6 “Now this is the command; the statutes and the judgments (precepts) which the Lord your God has commanded me to teach you, so that you might do (follow, obey) them in the land which you are crossing over [the Jordan] to possess, 2 so that you and your son and your grandson may fear and worship the Lord your God [with awe-filled reverence and profound respect], to keep [and actively do] all His statutes and His commandments which I am commanding you, all the days of your life, so that your days may be prolonged. 3 Therefore listen, O Israel, and be careful to do them, that it may go well with you and that you may increase greatly [in numbers], as the Lord, the God of your fathers, has promised you, in a land [a]flowing with milk and honey.
4 “Hear, O Israel! The Lord is our God, the Lord is one [the only God]! 5 You shall love the Lord your God with all your heart and mind and with all your soul and with all your strength [your entire being]. 6 These words, which I am commanding you today, shall be [written] on your heart and mind. 7 You shall teach them diligently to your [b]children [impressing God’s precepts on their minds and penetrating their hearts with His truths] and shall speak of them when you sit in your house and when you walk on the road and when you lie down and when you get up. 8 And you shall bind them as a sign on your hand (forearm), and they shall be used as [c]bands (frontals, frontlets) on your forehead. 9 You shall write them on the [d]doorposts of your house and on your gates.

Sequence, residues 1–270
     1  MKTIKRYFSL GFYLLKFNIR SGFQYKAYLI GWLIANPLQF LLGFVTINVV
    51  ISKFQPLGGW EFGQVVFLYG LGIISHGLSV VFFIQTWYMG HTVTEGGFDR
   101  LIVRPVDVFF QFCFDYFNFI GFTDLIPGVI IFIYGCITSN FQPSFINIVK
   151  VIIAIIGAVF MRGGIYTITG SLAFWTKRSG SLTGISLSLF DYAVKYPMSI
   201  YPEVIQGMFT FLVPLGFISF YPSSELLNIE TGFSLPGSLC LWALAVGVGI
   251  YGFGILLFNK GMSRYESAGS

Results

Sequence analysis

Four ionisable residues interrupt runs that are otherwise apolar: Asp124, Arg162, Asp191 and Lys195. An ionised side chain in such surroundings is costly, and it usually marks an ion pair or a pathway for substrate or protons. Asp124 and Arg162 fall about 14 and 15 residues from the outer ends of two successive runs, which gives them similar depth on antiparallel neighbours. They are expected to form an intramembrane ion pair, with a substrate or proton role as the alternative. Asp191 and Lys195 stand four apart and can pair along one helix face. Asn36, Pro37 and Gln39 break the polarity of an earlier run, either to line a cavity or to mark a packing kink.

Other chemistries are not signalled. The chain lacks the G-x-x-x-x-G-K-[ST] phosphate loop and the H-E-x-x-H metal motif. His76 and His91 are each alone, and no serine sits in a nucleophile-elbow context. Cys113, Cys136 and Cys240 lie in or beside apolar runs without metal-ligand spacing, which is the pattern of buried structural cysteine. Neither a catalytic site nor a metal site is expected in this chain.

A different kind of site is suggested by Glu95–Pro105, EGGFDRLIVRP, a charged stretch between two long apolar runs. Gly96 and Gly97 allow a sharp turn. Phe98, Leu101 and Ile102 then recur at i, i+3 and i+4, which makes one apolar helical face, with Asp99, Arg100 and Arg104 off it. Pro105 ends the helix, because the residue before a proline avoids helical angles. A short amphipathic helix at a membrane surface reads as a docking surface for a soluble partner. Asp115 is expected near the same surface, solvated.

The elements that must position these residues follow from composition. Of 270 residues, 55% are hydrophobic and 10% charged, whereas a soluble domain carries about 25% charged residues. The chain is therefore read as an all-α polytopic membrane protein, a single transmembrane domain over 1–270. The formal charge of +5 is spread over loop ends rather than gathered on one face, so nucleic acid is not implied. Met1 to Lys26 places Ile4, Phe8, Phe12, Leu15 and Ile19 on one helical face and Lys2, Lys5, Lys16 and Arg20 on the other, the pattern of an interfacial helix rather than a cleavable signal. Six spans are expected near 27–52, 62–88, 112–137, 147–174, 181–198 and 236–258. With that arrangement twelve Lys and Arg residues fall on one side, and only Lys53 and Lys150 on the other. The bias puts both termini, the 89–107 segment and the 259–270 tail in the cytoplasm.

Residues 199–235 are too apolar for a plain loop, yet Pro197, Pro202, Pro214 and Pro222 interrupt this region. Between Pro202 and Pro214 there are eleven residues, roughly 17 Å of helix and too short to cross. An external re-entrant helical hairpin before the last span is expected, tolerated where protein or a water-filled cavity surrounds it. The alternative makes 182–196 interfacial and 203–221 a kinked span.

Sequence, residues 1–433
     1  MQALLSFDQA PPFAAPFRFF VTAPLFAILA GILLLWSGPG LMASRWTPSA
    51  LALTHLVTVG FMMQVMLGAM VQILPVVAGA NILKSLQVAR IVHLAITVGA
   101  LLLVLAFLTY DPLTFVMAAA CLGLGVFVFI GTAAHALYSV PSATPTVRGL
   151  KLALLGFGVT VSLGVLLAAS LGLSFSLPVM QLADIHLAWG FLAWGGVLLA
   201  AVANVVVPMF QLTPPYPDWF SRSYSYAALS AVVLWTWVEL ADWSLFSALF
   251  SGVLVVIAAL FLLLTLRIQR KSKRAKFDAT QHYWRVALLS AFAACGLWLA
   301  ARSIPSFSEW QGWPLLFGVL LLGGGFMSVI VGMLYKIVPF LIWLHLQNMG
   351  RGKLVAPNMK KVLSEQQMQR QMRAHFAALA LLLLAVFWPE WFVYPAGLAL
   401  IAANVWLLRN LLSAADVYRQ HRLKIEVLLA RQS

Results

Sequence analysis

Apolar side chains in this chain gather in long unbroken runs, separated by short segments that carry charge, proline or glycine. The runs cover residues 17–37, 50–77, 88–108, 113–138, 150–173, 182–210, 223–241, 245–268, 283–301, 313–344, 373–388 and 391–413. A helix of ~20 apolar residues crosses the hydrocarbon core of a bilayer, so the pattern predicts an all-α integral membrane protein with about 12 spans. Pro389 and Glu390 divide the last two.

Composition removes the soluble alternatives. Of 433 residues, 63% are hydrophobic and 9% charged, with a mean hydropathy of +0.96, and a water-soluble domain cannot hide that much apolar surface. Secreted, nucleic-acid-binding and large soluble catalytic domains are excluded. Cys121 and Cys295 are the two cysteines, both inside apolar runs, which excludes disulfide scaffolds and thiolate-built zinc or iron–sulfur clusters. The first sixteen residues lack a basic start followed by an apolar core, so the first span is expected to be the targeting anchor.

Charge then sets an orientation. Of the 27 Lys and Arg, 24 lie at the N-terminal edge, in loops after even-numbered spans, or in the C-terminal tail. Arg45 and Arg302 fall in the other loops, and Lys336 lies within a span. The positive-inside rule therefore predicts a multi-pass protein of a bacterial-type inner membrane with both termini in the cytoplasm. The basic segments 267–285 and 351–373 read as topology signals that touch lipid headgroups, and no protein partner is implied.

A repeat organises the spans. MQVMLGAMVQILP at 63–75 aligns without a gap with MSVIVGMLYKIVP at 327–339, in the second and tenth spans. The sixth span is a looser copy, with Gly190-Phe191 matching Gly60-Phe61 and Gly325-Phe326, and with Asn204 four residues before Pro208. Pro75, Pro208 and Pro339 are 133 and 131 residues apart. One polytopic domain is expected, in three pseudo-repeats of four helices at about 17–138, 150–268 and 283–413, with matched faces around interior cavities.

Deuteronomy 6:3This phrase referred to the abundant fertility of the land of Canaan. Milk (typically that of goats and sheep) was associated with abundance; “honey” referred mainly to syrups made from dates or grapes and was the epitome of sweetness. Bees’ honey was very rare and was considered the choicest of foods.
Deuteronomy 6:8Or phylacteries. This is originally a Greek word meaning “safeguard.” In Jewish tradition these are also called tefillin, and are understood to be small leather boxes tied to the forearm and to the top of the head with leather straps. The boxes contain small parchment copies of the passage found here and three others.
Deuteronomy 6:9Heb mezuzoth, which—like tefillin (v 8)—also have special significance in Jewish tradition. The (singular) mezuzah is a piece of parchment on which is written this passage (6:4-9) and 11:13-21. The parchment is encased to protect it, and is attached to the right doorpost. By Jewish law, all rooms where people live or sleep (excluding bathrooms) are required to have mezuzoth on the doorposts.
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